By Mike Isaacs, Pioneer Press
Among myriad cuts called for in Gov. Bruce Rauner’s controversial budget proposal is funding for Skokie’s heralded Parent-Mentor Program, which recently completed its third year.
While no one knows exactly what will happen with the Rauner budget plan, it seems a good bet that local school districts will support keeping the program alive — even if it means funding a bit more of it themselves.
Parents, mostly from other countries, are trained to aid teachers in the classrooms of local schools four days a week. Once a week, they receive training from a Parent-Mentor coordinator.
While “win-win” is an often overused new term in today’s lexicon, the Parent-Mentor Program seems to have experienced multiple wins. Newly arrived immigrants from Niles Township have said that the program helps them assimilate better and makes them feel like valuable contributors inside the classroom.
Teachers have praised the mentors, saying that their contributions have helped free up their time for more one-on-one teaching. Some students have felt more comfortable with parent mentors and have been able to connect with an adult going through similar assimilation challenges.
“It is one of the many things on Gov. Rauner’s list of things he proposes to cut,” said District 68 Superintendent Jim Garwood. “We may face a fork in the road some time in the future. We value this program.”
Garwood’s comments came during a March 19 District 68 School Board meeting featuring an overview of the program. Likewise, some District 68 representatives recently attended a moving year-end graduation ceremony honoring the parent mentors.
The program is run out of the Niles Township School’s ELL Parent Center, which is housed in the same building as District 68 offices. ELL Parent Center Director Diana Juarez promised that Parent-Mentor Program advocates would be vocal in Springfield about making the case for continued funding.
It isn’t new, though, for Juarez and her predecessor, Corrie Wallace, to have to wait to see how the program will be funded. Following each graduation, the amount of funding has been uncertain — although a grant has always come through.
Devonshire and Madison schools, the former of District 69, the latter of District 68, were among 45 schools in Illinois to adopt the program in its first year. The program was backed by a $1 million grant from the Illinois State Board of Education with the Illinois Coalition for Immigrant and Refugee Rights and other community organizations.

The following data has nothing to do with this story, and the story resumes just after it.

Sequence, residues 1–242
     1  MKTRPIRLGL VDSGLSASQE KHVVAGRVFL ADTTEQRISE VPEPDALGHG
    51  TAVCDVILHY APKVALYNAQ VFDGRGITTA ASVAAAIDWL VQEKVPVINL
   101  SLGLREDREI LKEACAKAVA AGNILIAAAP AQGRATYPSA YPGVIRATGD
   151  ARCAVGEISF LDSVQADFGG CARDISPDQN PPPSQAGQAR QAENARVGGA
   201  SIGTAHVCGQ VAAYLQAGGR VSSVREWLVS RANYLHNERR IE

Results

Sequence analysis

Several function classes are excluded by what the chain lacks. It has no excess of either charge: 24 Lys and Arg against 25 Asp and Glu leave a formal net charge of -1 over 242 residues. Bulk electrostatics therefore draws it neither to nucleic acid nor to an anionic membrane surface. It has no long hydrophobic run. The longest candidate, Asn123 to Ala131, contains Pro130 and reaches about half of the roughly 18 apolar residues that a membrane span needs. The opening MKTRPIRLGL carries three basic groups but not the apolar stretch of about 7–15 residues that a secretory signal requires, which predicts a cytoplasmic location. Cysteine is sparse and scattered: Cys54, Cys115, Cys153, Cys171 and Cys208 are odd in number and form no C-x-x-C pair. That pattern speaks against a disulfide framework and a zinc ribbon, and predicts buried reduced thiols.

In launching the program in this area, the ELL Center partnered with Open Communities, whose mission it is to “help north suburban Chicago residents come together to foster welcoming, inclusive and just communities.”
All schools first chosen for the program had a high number of students from low-income families. In each school, at least eight parent mentors were in classrooms (but never their children’s) for a couple of hours four days a week.
Since that first year, the program has expanded in significant ways.
In addition to Devonshire and Madison, Fairview, Meyer, Stenson, Highland, Edison and Middleton Schools have each hosted parent mentors in their classrooms — representing four school districts.
The 2014–15 program included 41 parent mentors with five coordinators helping out 43 teachers. Nearly 1,000 students had parent mentors in their classrooms.
At the District 68 meeting, several parent mentors spoke about the importance of the program, others submitted written comments.
“Being in the classroom was a very powerful experience for me,” said Donna Parker, one of the few parent mentors born in the United States. “I’ve always appreciated teachers, but being involved in the classroom every day I realize how much hard work it really is. I gained this new-found respect for teachers seeing their interaction with the students and their patience and their love for the job.”
The genesis of the Parent-Mentor Program was one in Logan Square, which was the subject of a book.
“How can low-income, non-English speaking parents become advocates, leaders and role models in their children’s schools?” Author Soo Hon asks in “A Cord of Three Strands: A New Approach To Parent Engagement in Schools.”
Her answers are “induction, integration and involvement,” the inspiration in launching the Parent-Mentor Program.
“All the parents of the community should join this,” wrote 2014–15 Parent-Mentor Abida Khan. “I was new in America. I didn’t know much, and this program helped me a lot. Now I [have] friends and I don’t feel isolated.”
Copyright © 2015, Chicago Tribune
Read more about the Parent Mentor Program on page 4 of our Spring 2015 newsletter.